While learning about video art in class this week we have been watching and listening to videos made by "The Residents". The Residents were formed in the late 1960s and started producing music in the early 70s. They were pioneers in technology at the time and there music includes very odd, discordant melodies made with computer altered instruments and synthesizers. Even the singing in their songs is far from mainstream. Along with creating nonconventional music, they also explored video art and the creation of many music videos and performance art pieces. Never exposing their identity The Residents always wore costumes of some sort, mainly an eyeball headpiece with top hats and tuxedos. Going along with their strange public appearance their music videos were very strange and out of the ordinary. Most of the time the videos would be a performance by the band members in a costume of some sort, with wild video, lighting, and computer graphic effects. These techniques were never used by musicians before The Residents making them the first band to use music videos.

That being said, I hate "The Residents". Throughout this class I have kept an open mind about what we are shown and the artists we are learning about. I am able to find most of the artists, no matter how bizarre, interesting and I can understand how they are artistic or revolutionary regardless of my personal opinion of their work. However, I have found my limit with The Residents. I am a big music fan and I love listening to all different types of music and consider myself to have good taste and a decent ear for music. I can say now after sitting through them for two class periods, that The Residents are horrible. To me their music is not only bad but it is hard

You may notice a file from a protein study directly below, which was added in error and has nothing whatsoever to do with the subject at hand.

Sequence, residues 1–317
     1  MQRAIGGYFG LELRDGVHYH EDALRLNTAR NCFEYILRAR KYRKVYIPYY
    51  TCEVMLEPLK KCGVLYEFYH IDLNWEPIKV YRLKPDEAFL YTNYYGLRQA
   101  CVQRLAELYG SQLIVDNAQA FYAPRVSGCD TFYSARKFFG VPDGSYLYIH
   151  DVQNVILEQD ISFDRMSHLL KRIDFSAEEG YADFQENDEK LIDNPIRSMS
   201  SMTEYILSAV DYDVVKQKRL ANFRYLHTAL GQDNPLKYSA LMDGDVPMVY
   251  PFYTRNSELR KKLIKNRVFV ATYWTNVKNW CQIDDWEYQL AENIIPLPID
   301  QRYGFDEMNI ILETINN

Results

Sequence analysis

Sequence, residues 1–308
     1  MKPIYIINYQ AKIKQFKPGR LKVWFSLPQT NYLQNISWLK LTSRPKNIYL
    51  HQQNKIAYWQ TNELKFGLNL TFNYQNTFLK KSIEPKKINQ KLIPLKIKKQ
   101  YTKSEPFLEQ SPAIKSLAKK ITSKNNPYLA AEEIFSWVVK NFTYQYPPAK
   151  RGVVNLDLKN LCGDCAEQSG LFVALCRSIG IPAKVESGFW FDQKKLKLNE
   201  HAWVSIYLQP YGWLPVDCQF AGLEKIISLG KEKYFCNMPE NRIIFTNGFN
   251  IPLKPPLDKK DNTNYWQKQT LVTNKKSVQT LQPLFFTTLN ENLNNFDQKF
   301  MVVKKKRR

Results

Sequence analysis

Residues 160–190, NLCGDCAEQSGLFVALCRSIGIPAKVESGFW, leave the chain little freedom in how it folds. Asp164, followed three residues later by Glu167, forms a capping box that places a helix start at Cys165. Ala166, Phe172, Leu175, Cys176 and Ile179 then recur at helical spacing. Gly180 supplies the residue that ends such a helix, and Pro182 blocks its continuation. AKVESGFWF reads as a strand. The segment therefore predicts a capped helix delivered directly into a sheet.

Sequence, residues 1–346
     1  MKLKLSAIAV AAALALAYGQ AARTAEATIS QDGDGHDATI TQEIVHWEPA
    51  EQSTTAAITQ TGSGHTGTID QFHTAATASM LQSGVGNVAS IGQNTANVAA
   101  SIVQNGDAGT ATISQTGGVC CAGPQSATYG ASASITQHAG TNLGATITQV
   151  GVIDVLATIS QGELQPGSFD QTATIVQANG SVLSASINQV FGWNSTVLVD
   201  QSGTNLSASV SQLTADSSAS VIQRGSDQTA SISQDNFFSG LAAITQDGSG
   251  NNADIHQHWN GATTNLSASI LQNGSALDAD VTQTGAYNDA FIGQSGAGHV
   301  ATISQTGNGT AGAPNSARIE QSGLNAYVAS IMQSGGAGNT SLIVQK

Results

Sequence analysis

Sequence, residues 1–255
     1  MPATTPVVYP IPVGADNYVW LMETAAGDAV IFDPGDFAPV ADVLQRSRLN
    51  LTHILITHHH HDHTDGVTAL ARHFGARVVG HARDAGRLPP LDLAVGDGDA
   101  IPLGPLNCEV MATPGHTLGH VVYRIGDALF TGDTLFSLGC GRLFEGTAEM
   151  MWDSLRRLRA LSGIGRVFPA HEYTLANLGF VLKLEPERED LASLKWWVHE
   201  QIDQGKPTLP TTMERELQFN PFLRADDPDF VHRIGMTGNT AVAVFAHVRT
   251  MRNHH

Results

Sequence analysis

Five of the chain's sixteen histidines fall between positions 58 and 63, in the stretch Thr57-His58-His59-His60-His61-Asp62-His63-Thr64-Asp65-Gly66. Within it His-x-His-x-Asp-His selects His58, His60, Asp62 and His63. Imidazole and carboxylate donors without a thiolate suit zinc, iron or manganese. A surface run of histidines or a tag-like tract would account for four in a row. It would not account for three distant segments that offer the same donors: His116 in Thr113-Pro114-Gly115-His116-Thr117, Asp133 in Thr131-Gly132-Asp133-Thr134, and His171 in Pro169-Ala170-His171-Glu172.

to listen to, after watching a few of the videos in class I started to cringe each time a song came on. This awful sound is only magnified by the images that are synced to the music. The video for "It's A Man's World" was so out of the ordinary that it made the music even harder to follow and even more torturous. Overall, their lack of actual singing as opposed to speaking their lyrics, their disconnected rythms and beats, and anti-mainstream melodies make The Residents music downright annoying and unpleasant.

Now, as for Nam June Paik, or the father of Video Art; Paik is someone who I consider to be a genius. I believe it is one thing for someone to improve upon an art form or take influence from someone and vary it in some way. However, before Paik showed up, there was no such thing as video art. Paik had to discover his own art form and master it all at the same time and he did so brilliantly. Whether it was something as simple as dragging a violin behind him to decontextualize how the instrument is played, or as complex as making a tower from 200 separate TVs displaying images in a specific pattern, Paik essentially invented video art and the standard for which the art form would follow. I found Paik's work really interesting and I thought it was also interesting how he applied so much thought and knowledge in his work. He was not just throwing cool images onto TV screens, he truly understood the technology he was using and he exploited that in his work. One of my favorite works that he did was also one of his most simple; TV Buddha is a sculpture that I find really interesting because of the philosophy involved in it. The Buddha is watching himself be watched by a camera in a never-ending circuit of surveillance, however nothing will ever change since the Buddha is a statue that cannot move and the camera is only recording what the Buddha is doing. It almost sounds lame to video tape an inanimate object in this way but it makes for a result that is worth much conversation.